Coyle: Change will remain a consistent fact of life for students

If you’re of my generation—part of the babyboom—you spend some of your leisure hours commenting about how much change we’ve had to adapt to over the course of our lifetimes.

If you’re of my generation—part of the babyboom—you spend some of your leisure hours commenting about how much change we’ve had to adapt to over the course of our lifetimes.

Well, you better work on perfecting those whining skills, for in a few years the pace of change we’ve experienced thus far will seem glacially slow compared to what we’ll be trying to cope with.

Instead of wasting words talking about how fast things change, we should be asking ourselves how we can educate and train students to prepare for tomorrow and tomorrow’s top jobs, when we don’t yet know what those occupations are to be.

We have some ideas, of course. Things that will probably yield careers a decade from now include automation, health care, computers, genetics  and alternative energy.

And there are bound to be some surprises, some areas and careers beyond our imagination.

As an example, a recent article suggested that one of the new jobs will be for sinking city specialists, people who will advise coastal municipalities on how to deal with the problems that accompany oceans rising because of global warming.

(The same article said that genetic counselor would be an occupation you’d find companies recruiting for in 2020. Too late—do a Google search and you’ll find there is already a national organization of genetic counselors. It seems that as quickly as you can imagine a career, it exists.)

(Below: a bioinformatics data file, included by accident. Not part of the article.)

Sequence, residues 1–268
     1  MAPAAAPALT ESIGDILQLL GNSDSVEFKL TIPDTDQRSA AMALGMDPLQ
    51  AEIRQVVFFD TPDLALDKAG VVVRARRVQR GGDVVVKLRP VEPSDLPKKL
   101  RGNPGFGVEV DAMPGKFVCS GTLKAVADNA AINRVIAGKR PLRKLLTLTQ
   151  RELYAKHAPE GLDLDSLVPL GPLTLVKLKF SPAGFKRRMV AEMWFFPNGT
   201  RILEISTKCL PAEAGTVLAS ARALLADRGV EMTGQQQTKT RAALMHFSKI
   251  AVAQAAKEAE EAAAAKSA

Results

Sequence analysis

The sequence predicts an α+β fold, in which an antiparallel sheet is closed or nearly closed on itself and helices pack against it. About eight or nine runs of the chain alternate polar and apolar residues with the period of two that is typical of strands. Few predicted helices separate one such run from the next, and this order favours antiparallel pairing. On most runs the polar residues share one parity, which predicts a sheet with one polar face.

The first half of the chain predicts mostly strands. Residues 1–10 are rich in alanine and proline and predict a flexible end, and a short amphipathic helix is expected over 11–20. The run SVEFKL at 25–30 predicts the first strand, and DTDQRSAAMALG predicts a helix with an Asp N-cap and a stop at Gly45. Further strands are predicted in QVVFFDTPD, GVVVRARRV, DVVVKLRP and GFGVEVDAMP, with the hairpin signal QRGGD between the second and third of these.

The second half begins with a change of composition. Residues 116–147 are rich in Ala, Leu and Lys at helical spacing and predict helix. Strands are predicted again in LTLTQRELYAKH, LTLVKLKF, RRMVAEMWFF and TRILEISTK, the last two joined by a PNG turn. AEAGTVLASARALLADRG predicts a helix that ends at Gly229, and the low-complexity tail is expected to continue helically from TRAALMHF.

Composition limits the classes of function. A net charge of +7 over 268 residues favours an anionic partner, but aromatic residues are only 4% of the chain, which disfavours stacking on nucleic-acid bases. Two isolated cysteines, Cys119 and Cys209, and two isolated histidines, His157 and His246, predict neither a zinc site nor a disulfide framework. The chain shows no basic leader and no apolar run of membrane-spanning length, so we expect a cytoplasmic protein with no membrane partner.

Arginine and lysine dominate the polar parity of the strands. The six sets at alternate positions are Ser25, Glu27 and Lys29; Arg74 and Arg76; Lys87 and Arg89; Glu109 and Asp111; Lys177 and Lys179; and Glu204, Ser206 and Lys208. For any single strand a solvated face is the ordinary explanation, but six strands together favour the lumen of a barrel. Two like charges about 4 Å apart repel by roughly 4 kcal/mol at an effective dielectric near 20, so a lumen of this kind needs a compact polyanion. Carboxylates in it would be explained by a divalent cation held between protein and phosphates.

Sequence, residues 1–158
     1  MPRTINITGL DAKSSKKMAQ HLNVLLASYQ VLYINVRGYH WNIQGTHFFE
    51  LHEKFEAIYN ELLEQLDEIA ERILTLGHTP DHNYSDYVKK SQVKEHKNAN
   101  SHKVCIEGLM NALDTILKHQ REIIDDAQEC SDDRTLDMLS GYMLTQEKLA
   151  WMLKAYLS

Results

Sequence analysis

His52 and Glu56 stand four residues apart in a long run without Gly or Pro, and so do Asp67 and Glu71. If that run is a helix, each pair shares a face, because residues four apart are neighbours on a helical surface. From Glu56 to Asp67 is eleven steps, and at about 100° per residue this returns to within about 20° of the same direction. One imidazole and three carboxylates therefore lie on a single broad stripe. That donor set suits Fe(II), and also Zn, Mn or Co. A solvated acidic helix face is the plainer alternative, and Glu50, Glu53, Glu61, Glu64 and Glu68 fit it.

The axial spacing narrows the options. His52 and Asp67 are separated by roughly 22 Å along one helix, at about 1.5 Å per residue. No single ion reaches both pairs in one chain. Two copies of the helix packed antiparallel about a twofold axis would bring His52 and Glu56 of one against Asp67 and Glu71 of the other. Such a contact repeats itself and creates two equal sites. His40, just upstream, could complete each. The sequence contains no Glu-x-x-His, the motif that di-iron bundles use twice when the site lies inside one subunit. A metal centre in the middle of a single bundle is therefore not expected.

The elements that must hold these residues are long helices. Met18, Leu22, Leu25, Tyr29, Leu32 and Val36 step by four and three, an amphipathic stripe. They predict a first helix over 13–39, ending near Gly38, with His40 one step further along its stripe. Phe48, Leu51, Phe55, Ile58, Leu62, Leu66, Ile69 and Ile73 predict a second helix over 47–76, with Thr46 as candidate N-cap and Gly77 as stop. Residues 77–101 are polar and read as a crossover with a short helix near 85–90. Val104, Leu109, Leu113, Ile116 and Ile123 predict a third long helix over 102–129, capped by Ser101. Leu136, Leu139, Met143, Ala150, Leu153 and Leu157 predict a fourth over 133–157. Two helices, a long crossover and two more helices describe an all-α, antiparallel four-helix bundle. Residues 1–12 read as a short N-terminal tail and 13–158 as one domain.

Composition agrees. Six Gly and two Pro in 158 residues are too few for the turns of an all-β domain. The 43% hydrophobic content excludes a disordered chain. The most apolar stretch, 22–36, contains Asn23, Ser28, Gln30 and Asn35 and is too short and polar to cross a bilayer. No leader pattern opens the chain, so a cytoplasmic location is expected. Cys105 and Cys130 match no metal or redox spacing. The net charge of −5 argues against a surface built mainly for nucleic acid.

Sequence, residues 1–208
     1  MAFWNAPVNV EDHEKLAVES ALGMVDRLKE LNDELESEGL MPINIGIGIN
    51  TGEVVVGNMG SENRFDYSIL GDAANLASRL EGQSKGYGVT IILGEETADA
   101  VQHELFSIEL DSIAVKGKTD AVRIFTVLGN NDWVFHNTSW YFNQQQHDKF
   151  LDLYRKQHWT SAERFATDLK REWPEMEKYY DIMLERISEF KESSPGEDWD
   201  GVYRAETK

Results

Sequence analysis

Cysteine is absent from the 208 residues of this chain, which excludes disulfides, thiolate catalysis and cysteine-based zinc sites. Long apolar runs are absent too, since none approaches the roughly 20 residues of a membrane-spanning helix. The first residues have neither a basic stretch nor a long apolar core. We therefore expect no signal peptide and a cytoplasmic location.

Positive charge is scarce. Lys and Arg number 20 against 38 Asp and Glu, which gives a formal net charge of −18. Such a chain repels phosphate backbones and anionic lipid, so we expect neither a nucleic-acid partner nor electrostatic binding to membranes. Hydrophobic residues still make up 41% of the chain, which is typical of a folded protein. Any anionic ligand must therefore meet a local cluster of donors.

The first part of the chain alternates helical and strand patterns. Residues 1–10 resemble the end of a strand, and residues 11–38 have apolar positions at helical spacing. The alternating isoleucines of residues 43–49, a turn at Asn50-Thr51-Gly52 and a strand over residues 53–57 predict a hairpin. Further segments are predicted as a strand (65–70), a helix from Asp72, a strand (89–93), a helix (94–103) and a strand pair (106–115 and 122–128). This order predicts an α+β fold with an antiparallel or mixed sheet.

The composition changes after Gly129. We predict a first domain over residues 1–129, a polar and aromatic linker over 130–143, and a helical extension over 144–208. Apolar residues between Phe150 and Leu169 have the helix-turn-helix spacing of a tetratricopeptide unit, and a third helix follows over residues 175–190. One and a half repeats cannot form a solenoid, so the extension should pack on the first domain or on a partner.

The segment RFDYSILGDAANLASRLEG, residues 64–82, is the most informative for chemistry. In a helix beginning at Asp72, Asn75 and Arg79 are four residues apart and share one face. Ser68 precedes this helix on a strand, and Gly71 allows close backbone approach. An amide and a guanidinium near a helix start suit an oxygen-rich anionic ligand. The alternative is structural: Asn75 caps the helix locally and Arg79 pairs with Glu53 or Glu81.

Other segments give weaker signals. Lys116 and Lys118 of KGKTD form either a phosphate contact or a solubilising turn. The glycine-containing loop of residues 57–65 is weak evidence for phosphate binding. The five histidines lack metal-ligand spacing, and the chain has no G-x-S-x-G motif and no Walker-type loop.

The uncertainty of what’s coming at us means course texts cannot be written that will impart the knowledge, theories and formulae that the graduates of 2013 or 2015 will need at their fingertips as they step into the workplace. The good news is they’ll probably be able to find those on Google or Wikipedia in nano-seconds anyway.)

So, the best approach in times of change such as these is to use education and training to develop the skills that will let people adapt to changing circumstances.

That’s what every school board, every college and every university says it is doing—imparting the critical thinking skills that will serve the lifelong learner.

We’d best hope that they are living up to that promise.

If we’re doing a good job with our students, we’re inspiring them to be increasingly curious too.

It’s a must-have if we want to them to be innovative.

I worry when I see a young person using his iPad, smart phone, and GPS without expressing any interest in what makes them tick.

If there isn’t a modicum of interest in the magic and science that lies behind that keyboard or screen, who is going to be interested enough to find ways to make them better, to develop the next Blackberry?)

At the same time that we’re culturing innovation through curiosity, we ought to be fostering a healthy skepticism in our youth.

People need to know when to take things with a grain of salt.

They need to understand and appreciate what comprises a good work ethic at the same time as they comprehend what a work-life balance is.

They need to be able to solve problems. They need to be able to work with others. And they need to be able to communicate. What good is an idea or a solution if you can’t do a decent job of communicating it?

It’s asking an awful lot of our education system and our young people, isn’t it?

Truth is, it’s what education and training have always been about. It’s just that these days all those skills are that much more important because of how fast things change.

Allan Coyle is the director of public affairs for Okanagan College.

 

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